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Amazon employees fear HR is targeting minority and activism groups in email monitoring program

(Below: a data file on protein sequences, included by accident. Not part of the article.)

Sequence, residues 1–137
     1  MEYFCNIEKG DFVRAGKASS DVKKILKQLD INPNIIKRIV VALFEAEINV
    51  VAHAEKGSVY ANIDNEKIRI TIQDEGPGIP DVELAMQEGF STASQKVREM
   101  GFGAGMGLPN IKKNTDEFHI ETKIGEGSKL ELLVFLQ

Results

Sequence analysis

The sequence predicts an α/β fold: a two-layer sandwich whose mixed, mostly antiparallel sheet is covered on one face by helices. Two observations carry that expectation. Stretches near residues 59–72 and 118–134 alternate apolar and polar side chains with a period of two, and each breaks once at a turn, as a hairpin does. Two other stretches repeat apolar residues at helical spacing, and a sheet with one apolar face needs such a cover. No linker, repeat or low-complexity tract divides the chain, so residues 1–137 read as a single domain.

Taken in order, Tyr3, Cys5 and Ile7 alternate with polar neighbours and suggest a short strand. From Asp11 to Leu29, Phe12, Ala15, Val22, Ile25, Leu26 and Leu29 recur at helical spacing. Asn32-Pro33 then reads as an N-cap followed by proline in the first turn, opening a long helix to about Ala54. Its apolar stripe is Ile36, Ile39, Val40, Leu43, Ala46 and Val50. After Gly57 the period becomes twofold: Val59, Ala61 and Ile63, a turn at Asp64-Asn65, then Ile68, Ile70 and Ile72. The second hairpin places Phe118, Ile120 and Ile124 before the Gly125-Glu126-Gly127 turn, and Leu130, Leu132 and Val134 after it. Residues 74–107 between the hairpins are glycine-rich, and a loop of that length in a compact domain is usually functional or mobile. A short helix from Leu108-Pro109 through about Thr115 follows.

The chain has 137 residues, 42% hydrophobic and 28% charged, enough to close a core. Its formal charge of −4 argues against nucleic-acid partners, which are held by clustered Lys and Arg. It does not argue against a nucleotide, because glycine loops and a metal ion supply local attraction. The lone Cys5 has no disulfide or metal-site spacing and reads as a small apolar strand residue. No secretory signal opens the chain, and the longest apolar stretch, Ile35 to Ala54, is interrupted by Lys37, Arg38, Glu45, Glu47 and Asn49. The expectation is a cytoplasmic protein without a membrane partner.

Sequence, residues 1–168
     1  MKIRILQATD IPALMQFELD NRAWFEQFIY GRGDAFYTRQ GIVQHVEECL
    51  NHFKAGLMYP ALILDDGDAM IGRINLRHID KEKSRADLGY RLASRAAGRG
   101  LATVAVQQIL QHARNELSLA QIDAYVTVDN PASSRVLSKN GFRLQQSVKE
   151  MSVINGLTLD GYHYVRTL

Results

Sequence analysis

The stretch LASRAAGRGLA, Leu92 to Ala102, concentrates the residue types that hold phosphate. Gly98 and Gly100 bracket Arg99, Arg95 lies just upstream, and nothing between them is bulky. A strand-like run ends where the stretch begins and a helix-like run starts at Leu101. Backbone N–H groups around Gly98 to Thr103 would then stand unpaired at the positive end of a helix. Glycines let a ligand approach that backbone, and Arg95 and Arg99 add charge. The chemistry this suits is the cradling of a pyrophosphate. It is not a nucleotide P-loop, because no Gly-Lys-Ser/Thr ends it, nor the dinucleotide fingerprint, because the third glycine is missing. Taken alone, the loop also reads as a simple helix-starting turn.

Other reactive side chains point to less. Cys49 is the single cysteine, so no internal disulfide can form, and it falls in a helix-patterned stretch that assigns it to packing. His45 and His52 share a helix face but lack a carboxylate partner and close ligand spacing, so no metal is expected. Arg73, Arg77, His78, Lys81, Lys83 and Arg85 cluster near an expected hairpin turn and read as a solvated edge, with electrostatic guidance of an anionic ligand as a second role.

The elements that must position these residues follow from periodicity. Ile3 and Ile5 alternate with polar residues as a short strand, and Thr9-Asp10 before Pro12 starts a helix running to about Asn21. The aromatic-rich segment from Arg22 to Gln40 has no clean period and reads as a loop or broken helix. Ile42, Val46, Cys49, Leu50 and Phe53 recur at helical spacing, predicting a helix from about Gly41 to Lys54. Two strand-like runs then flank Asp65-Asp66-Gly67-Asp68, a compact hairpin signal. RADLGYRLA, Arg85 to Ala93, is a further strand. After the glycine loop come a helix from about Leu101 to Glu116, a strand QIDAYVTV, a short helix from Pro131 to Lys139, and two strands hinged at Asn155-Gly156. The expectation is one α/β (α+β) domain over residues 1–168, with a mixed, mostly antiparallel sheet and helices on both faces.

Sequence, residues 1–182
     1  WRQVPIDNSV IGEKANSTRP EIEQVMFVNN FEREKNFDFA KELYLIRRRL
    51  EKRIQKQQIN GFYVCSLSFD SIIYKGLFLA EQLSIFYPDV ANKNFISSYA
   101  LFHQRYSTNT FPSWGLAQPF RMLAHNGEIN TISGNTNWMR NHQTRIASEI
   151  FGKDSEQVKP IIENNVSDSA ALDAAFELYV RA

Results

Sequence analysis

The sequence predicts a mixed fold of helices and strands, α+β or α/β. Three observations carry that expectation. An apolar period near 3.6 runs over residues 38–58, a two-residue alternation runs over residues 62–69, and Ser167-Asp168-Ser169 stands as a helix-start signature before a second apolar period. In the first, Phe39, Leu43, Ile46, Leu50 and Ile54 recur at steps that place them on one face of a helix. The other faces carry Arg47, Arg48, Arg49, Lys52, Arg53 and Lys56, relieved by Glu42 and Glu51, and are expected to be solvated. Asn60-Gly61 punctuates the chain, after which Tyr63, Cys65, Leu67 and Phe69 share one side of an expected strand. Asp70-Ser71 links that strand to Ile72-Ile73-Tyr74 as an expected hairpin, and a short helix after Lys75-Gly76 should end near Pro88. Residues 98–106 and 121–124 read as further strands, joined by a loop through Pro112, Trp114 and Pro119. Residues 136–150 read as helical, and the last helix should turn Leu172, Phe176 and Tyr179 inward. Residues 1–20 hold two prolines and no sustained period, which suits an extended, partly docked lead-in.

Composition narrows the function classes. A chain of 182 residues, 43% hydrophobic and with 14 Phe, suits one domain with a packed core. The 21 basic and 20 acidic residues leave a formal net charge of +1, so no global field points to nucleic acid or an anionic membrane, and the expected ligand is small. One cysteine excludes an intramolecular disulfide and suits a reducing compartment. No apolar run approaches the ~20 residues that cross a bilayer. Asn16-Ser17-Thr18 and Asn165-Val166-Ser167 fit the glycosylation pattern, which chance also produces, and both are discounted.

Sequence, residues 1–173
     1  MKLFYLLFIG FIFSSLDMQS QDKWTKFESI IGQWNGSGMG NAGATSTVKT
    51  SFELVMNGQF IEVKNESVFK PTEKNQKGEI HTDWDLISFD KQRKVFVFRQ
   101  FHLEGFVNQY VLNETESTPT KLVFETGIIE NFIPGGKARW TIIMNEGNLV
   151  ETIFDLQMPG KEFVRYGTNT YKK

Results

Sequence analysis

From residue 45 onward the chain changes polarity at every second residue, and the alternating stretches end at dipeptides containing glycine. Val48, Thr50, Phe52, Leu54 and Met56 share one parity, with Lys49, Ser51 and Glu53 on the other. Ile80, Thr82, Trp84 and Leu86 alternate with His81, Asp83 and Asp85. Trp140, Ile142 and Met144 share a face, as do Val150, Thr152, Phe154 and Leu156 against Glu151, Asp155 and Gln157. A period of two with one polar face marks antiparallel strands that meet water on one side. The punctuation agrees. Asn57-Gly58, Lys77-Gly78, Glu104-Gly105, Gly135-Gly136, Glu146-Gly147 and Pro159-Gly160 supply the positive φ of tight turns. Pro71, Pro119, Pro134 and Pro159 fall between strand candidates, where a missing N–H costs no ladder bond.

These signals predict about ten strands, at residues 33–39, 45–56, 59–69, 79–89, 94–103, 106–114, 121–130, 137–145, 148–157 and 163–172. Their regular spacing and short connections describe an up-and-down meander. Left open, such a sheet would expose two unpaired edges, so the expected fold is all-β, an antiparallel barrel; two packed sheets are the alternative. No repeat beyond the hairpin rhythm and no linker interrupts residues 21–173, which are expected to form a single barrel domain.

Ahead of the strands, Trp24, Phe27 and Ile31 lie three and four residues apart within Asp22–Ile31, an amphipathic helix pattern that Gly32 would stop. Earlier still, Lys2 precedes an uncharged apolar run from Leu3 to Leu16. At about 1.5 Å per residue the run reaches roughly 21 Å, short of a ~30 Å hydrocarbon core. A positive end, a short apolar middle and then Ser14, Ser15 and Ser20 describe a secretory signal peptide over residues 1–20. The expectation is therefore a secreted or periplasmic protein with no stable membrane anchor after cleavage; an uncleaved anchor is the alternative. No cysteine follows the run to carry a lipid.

Amazon employees participating in the Global Climate Strike in Seattle, Washington in September 2020 | Photo by Karen Ducey/Getty Images Some workers are raising concerns in light of larger tensions over labor organizing. Some Amazon employees are furious after they discovered the company’s HR department appears to be quietly monitoring a subset of listservs dedicated to employees who are minorities and those who are involved in activism. Earlier this week, a group of Amazon employees discovered that an email alias affiliated with Amazon’s HR team had subscribed to 78 listservs at Amazon, the majority of which are related to underrepresented employees and employee activism issues, such as climate change, Black employee networking, and Muslim employees. Amazon has thousands of internal emailing lists where employees discuss common interests and projects, so the dozens of listservs that the alias was subscribed to are a small subset of the total groups that exist. Amazon denies that its HR teams were tracking emails to monitor organizing, and told Recode that it subscribed to the groups to monitor employee feedback on company culture. Some of the listservs that Amazon HR appears to be monitoring have been used for employee organizing around controversial issues at the company in recent months, such as Amazon warehouse worker rights, corporate carbon emissions, and military technology. Others are less political, such as groups for women in engineering and employees who are parents. Recode spoke with six Amazon employees who said they’re alarmed by the email monitoring when they consider how Amazon has been increasingly cracking down on worker organizing. These employees spoke on the condition of anonymity because of Amazon’s policies against speaking to the press without management’s approval. They told Recode that dozens of other colleagues have also posted messages on Amazon’s internal forums expressing concern about the monitoring, and many more are likely also upset but too scared to speak out publicly. “Most people would just read and go quiet,” said one employee. “It doesn’t seem smart to engage when we’re being told that we are being tracked.” Just last month, Bloomberg News reported that Amazon had posted a job listing (which it later removed) for analysts to research “labor organizing threats against the company.” “If this is what it looks like ... then this is a specific targeting of non-white male groups as potential threats to be observed,” said one employee. “It means that the people responsible for that at Amazon believe that women and people of color are suspicious and threats to the company.” After discovering the alias, an Amazon employee sent a message to all 78 listservs informing them that the company seemed to be watching their activities. “Good day! If you are a moderator or a user of this list, please note that it is being explicitly watched,” started the email. It goes on to state, “Without editorialising (sic), it is difficult to read this project and its initial posting date without also considering the context of the recent job posting for which Amazon has come under fire.” (That’s a reference to the “labor organizing threats” analyst position.) The email noted that while the Muslim employee listserv was on the list of groups that HR was watching, the Christian one was not. Amazon spokesperson Jaci Anderson said the practice was intended to gather employee feedback to help improve company practices, and that Amazon does not link feedback from the emails to individual employees. She added that the company chooses which listservs to monitor based on the size and level of activity of the employee group, and for no other reason. “We continually work to improve the Amazon employee experience, and with hundreds of thousands of employees located around the world, we use several methods to gather feedback at scale,” Amazon spokesperson Jaci Anderson said in a statement. “The anonymized feedback that is sometimes shared from these open email forums has helped us improve our employee benefits, further strengthen our COVID-19 procedures, and improve the overall Amazon employee experience.” One of the Amazon employees who appears to be linked to the email alias is a data analyst in the employee relations division. And because some employee relations roles at Amazon involve mitigating the risk of unionization in its massive warehouse network, this detail has fueled corporate employees’ concerns about the listserv monitoring. According to documents reviewed by Recode, the email account subscribed to these groups also appears to be linked to a larger data visualization project run by Amazon’s employee relations team called “SPOC” (geoSPatial Operating Console) which involves monitoring threats to Amazon’s operations — including unionization. Anderson, the Amazon spokesperson, said the program monitors all types of external activity that impacts the safety and well-being of its employees, from weather events to power outages, and is not intended to favor or target one type of external threat over another. Shortly after an Amazon employee emailed documents about the broader SPOC monitoring project to dozens of employee listservs, those documents were deleted from Amazon’s internal network that’s broadly available to employees. In April, Business Insider reported that Amazon was tracking Whole Foods’ workers unionization efforts in a geographic heat map. And Recode has previously reported how as far back as the early 2000s, Amazon has previously tracked worker organizing at its warehouses before using excel to make heat maps. “It’s disappointing but not surprising,” said one Amazon engineering manager about HR tracking listserv emails and broader anti-unionization monitoring efforts. “We are working in corporate America at one of the largest and most technically advanced companies in the world. Always assume big brother is watching.” This employee said they wish the company was as employee-obsessed as it is customer-obsessed, but also acknowledged that the company “overall takes care of their [corporate] employees very well.” Amazon has faced growing tensions within both its corporate and blue-collar workforces in recent years. Tensions peaked during the Covid-19 pandemic as many of its warehouse workers complained about working conditions and pay — and some started nascent talks about unionization. The company came under serious scrutiny when it fired Christian Smalls, a former Staten Island warehouse worker who was organizing his colleagues for safer working conditions at the beginning of the pandemic, and after a report emerged that a top Amazon lawyer called Smalls, who is Black, “not smart, or articulate” in an executive meeting. Amazon said it fired Smalls for violating social distancing rules. The Smalls case, among other factors, prompted many of the companies’ tech employees to advocate for greater workplace protections for Amazon warehouse and delivery workers. The company responded by providing some incremental benefits, such as temporarily raising pay for fulfillment center employees and offering more time off. At the same time, Amazon also fired several corporate employees leading internal activism efforts, who had organized their tech colleagues in solidarity with Smalls and other warehouse workers. “After firing a number of employees organizing for better COVID-19 protections, and getting caught calling a Black organizer ‘not articulate,’ it seems like Bezos decided it was time to form an internal anti-worker police force to frighten employees into shutting up,” one Amazon software engineer told Recode. “That open feeling I had as a tech worker able to freely discuss ideas with coworkers has vanished so fast it’s made my head spin. There’s a real culture shift happening, and it sucks.” In the months since Smalls’ firing, Amazon employee activism has quieted down, at least publicly. But workers’ fears about the company targeting and monitoring minority and activist employees show that tensions still run deep at the company, and if anything, its workers’ trust in their employer continues to erode.